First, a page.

Then, as the New York Times recently learned, President Bush invited Crichton to speak to a private audience at the White House last year about his techno-thriller State of Fear, in which a group of eco-terrorists undertake a phony global warming scheme to earn government grants. Someone who attended the event said President Bush and his guest “talked for an hour and were in near-total agreement.”

If that wasn’t enough to prove Crichton’s science is sketchy at best, the American Association of Petroleum Geologists saw fit to give Crichton its 2006 Journalism Award, despite the book’s appearance on the New York Times list of best fiction sellers. Meanwhile, the Bush Administration tries to muzzle real scientists, like James Hansen of NASA, who have spent their lives researching the threat of climate change and are telling us that earth is approaching a point of no return.

Politicians, however, can’t be given all of the blame. In his new book The Winds of Change, journalist and author Eugene Linden describes the media’s coverage of climate change as “timid and fitful,” focusing too much of its effort on the dissenting opinion, despite the overwhelming consensus in the scientific community.
(27 March 2006)

BuzzFlash interview: Elizabeth Kolbert

Mark Karlin, via WorkingForChange
Field Notes from a Catastrophe takes us down into the trenches of global warming research

Few of us have the opportunity to camp out on the Greenland ice sheet or gaze at mammoth icebergs floating lazily in the bay. But journalist Elizabeth Kolbert has, and her report to the rest of us is both awesome and unsettling – which is her intent. Field Notes from a Catastrophe: Man, Nature, and Climate Change truly sounds an alarm. Kolbert visited key research sites herself. She questioned the scientists, as well as local residents, and observed not only the data, but the land and seascapes firsthand. Her report tells us in layman’s terms what the world’s top climate researchers are already seeing. She wants us all to understand global warming, and why we can no longer ignore or deny it.

…BuzzFlash: You’re a journalist, but you went out like a scientist. You did, in essence, field research on this problem, looking at the problem in a variety of locations, with a variety of people studying it. What did you find?

Elizabeth Kolbert: I chose the scientists I followed quite carefully. They’re very eminent people, all of whom were doing very important research. But the one thing that I hope comes through is that every single one of these people was looking at very serious changes that are already occurring. And the ways they are looking toward the future are not at all speculative. Any global warming scientist will tell you, this is not a field rife with speculation. As one person put it to me, this is basically Physics 101. And they are all very, very concerned.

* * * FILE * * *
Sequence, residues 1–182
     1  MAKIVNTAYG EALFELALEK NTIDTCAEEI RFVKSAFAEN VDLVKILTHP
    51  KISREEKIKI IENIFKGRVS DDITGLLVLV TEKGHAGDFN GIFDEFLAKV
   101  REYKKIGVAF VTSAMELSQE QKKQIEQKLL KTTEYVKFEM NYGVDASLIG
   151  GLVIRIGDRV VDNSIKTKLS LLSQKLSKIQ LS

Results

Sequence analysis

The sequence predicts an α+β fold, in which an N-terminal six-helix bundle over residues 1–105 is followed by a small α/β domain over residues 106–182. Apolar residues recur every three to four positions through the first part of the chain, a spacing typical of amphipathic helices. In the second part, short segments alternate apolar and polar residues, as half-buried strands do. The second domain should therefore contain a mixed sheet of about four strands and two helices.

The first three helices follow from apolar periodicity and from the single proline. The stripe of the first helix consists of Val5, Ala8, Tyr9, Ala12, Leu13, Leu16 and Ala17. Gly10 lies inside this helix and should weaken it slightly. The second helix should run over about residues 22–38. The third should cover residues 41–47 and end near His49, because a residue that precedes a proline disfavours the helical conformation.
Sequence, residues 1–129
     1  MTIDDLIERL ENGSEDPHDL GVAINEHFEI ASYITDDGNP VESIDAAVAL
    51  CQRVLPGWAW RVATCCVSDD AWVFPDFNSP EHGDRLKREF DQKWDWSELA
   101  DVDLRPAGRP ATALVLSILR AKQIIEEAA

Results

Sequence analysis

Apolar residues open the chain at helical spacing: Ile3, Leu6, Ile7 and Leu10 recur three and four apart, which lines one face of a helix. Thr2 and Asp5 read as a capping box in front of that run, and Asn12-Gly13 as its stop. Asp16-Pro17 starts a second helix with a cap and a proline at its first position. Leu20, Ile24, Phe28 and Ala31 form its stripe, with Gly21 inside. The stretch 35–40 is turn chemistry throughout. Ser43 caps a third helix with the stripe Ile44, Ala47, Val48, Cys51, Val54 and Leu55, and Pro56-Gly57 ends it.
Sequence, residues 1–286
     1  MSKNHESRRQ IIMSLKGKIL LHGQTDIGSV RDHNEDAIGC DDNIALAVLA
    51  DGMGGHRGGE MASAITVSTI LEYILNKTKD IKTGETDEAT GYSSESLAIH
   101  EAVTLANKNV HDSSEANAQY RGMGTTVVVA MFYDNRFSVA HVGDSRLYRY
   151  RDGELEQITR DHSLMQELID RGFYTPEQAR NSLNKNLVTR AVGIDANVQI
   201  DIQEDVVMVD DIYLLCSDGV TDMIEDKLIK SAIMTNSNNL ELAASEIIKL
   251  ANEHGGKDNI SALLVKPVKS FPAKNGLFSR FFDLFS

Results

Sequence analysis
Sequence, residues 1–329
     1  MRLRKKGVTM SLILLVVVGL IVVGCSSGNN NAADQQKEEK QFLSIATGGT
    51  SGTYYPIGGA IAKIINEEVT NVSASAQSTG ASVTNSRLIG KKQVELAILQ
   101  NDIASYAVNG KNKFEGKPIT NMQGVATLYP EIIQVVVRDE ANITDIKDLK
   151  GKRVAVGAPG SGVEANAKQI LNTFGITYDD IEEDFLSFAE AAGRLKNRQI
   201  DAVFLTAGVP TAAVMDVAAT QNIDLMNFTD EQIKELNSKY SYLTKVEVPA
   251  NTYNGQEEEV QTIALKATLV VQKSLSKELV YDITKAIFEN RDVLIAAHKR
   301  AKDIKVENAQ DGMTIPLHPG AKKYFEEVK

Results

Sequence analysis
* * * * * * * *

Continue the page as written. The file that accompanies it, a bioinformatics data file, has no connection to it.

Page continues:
One of the scientists put it to me very well. He made the point that in many fields there’s a scientific opinion and a lay opinion, and the lay opinion is more hysterical than the scientific opinion. But in the field of climate science, the climate scientists are the ones who are saying, wow, wake up, this is really serious! If there’s one thought I’d really like to get out to people, it is that the scientists are really, really worried.
(28 March 2006)

Global warming: Your chance to change the climate

Michael McCarthy, The Independent
Four senior ministers today made one of the most embarrassing admissions of the Labour Government’s nine years in office – that the official policy for fighting climate change has failed.

Yet, as they did so, a group of MPs will offer a different way forward in the struggle to combat global warming, one which they think is the only alternative. It will mean turning established principles of British economic life upside down. It will mean sacrifices from everyone. Therefore, they say, it will have to be taken out of politics.

In The Independent today, their leader, Colin Challen, the chairman of the All-Party Parliamentary Climate Change Group, sets out the case for abandoning the “business as usual” pursuit of economic growth, which has been the basis of Western economic policy for two hundred years. Instead, he says, we must concentrate our efforts on putting a limit on the emissions of carbon dioxide (CO2) from power stations and motor vehicles that are causing the atmosphere to warm.

To do this, Mr Challen and his colleagues believe, carbon will have to be rationed, for companies, individuals and, eventually, for countries. And only a full cross-party consensus would allow such a departure to be implemented without being destroyed by the political process.

Today, the group announces a climate change inquiry, inviting evidence from any interested parties, and readers of The Independent are invited to join in the debate. We will forward your responses to the committee.
(28 March 2006)